Have you been thinking about making changes to your landscape but can’t decide when to actually sit down and create a design? Well, if you’ve been asking yourself, “When is the best time to design my edible landscape?”, I have a short and sweet answer for you…
If you’ve taken my free training series on edible landscape design, you’ll know that my passion for edible landscapes runs deep. In the first video, I talk about my journey into this work and how my desire to make a positive difference in the world led me from ornamental landscaping to edible, medicinal, and permaculture landscape design. But what I don’t talk about very often is HOW edible landscaping can improve your life (and even the world).
Fall and winter are great times to create garden designs and plans. Whether you’re just getting started and need a full landscape design or simply making some changes to your existing garden, the colder months offer plenty of time to get your best ideas on paper.
Today I have a fun blog post for you. I’ve gathered ten inspiring photos of edible gardens from around the internet. They are all great design examples and offer creative edible landscape ideas for a variety of garden spaces.
If you're a gardener or lover of gardening books, you likely know that the gardening book selection is vast. It can even be overwhelming. When I lived in Portland, OR, I would spend hours just browsing books in the gardening section of Powell's Books (the best bookstore I've ever been to, by the way). Libraries are often well-stocked with gardening books, too.
I've put together a list of five gardening books that I absolutely love. If you're overwhelmed by all the choices at your favorite book store, online retailer, or library, take a look at these books to get started. Then search around some more and decide which other books suit your gardening (and learning) style.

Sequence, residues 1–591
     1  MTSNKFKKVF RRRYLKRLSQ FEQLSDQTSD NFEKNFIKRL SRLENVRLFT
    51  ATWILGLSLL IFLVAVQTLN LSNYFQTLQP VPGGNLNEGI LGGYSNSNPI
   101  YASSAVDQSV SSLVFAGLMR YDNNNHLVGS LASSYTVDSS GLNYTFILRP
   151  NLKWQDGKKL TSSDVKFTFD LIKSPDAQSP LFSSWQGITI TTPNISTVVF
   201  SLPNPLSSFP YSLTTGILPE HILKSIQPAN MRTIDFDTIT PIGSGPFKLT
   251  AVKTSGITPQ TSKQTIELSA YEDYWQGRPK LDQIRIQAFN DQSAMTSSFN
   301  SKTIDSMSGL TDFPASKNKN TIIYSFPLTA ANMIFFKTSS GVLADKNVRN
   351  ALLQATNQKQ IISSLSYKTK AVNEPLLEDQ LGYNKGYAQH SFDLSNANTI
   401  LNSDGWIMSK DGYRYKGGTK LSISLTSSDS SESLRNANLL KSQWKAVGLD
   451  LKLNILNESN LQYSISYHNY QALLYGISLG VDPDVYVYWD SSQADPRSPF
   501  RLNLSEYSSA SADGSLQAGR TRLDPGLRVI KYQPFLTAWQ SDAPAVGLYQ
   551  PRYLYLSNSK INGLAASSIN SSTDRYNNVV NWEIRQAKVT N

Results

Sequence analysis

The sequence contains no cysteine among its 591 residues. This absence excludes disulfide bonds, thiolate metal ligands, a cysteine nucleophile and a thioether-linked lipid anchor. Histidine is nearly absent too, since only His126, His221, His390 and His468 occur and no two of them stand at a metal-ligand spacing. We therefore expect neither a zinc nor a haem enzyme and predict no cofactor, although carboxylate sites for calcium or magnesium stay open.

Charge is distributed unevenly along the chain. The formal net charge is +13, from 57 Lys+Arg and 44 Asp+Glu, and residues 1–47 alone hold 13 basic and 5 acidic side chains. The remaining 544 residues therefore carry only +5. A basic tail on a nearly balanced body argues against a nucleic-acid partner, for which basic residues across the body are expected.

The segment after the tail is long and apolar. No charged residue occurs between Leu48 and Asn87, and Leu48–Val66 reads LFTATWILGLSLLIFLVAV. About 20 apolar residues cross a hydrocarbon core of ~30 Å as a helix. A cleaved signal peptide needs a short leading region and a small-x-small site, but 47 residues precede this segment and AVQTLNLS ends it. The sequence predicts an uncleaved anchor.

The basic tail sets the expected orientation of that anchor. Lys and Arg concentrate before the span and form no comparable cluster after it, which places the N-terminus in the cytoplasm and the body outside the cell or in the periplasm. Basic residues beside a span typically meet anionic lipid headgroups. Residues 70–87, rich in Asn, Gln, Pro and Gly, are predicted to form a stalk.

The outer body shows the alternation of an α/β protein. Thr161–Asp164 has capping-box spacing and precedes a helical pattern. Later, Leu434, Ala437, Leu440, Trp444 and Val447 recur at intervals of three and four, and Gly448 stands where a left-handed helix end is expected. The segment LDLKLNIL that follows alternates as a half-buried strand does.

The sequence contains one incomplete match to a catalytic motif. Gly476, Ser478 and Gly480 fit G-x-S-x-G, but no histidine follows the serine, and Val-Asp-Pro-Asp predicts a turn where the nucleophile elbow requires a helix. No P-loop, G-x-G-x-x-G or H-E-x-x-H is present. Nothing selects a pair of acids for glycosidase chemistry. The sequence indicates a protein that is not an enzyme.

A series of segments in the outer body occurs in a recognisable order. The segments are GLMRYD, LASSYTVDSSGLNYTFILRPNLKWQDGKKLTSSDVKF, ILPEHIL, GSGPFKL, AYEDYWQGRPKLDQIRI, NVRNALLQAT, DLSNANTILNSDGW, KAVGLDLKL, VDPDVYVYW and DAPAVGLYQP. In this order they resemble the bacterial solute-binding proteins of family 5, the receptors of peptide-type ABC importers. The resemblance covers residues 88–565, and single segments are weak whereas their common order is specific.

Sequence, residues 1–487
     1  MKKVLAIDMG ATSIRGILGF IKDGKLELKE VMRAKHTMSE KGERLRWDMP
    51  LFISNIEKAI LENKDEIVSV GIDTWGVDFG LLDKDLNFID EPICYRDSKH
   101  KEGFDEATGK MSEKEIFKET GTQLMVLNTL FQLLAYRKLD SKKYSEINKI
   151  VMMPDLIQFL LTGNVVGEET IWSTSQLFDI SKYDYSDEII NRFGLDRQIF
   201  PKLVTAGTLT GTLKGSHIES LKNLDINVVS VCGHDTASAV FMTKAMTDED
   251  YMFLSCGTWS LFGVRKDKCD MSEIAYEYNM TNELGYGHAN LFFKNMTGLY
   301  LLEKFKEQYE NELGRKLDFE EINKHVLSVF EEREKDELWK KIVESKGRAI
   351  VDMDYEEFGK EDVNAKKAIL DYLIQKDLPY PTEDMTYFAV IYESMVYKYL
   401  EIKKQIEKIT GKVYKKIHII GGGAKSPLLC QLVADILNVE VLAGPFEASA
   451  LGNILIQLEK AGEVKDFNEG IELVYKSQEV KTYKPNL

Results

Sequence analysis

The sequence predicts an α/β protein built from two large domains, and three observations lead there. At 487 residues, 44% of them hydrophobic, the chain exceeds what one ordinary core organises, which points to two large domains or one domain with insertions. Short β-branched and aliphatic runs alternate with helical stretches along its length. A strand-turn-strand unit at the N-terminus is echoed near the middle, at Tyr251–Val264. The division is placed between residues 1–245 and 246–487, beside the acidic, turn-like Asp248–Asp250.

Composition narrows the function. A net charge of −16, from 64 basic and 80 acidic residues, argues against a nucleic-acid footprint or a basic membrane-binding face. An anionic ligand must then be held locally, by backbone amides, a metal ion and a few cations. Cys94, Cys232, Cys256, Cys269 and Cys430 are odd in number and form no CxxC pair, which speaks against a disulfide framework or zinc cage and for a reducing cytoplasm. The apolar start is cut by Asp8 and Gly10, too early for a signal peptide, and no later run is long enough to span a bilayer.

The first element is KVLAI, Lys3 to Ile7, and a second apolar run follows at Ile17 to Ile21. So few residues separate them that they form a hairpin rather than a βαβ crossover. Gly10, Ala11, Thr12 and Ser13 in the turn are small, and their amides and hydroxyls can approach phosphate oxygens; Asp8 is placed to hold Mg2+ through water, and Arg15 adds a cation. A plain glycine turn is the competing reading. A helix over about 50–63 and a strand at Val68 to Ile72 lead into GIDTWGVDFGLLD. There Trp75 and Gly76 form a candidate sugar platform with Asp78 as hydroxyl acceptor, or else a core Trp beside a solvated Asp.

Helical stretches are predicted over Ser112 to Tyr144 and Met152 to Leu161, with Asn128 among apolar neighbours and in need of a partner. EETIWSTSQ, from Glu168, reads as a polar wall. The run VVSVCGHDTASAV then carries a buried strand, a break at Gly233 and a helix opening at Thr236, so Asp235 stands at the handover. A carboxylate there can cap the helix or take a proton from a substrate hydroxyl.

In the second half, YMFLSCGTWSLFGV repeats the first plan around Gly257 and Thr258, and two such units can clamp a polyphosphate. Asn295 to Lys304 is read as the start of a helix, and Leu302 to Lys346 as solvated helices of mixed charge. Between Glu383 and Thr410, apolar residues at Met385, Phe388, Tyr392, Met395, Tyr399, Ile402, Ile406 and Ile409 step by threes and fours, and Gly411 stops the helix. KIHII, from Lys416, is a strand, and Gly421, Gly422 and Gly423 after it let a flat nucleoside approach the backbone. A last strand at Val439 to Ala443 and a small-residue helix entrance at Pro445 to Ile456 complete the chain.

My first post about permaculture talked about six of the 12 permaculture design principles and how they can be applied to your garden.
This post will discuss the next six principles: produce no waste, design from patterns to details, integrate rather than segregate, use and value diversity, use edges and value the marginal, and creatively use and respond to change.
Fruit trees are an integral part of edible landscaping. They offer shade, fruit, seasonal interest, structure to your garden design, and so much more. One simple way we can support the fruit trees in your edible garden is through planting fruit tree guilds. Fruit tree guilds are one of the countless permaculture design techniques that can be applied to your home garden.
What are fruit tree guilds? They are human-made communities of plants that are located beneath and surrounding fruit trees. These plants have specific qualities that will support your fruit tree: nitrogen fixers, dynamic accumulators, compost makers, and insect / pollinator attractors. Some plants serve more than one purpose in the guild (and may also be food or medicine for you, too).
When I first learned about permaculture, I was blown away by the profound accessibility to the design principles. Reading over the 12 principles, I remember thinking, "This makes complete and total sense.” Applied to our gardens, permaculture is basically a design system which is intended to mimic patterns and relationships in nature while also providing food and energy. In a nutshell, it's very smart design that focuses on the relationships between things, rather than on separate objects or pieces of your landscape. This interconnectedness reduces your work, increases your harvest, and returns energy back to our wonderful earth.
I’ve been getting a ton of questions lately from people planting their own edible landscape. Do you have any burning questions about the design process I’ve used for years to create custom edible landscape designs? I'm collecting all of your questions so that I can focus my blog topics and help you succeed with your edible landscaping project.
The most common question I'm asked is where to plant something in someone's yard. I love and dread this question because choosing a location for one plant is challenging. What seems to be a simple question turns into a lengthy discussion with me asking way more questions in return. I can usually come up with a good location based on the information I've gleaned from our conversation, but what I really want is to encourage people to look at their yard with a bigger vision.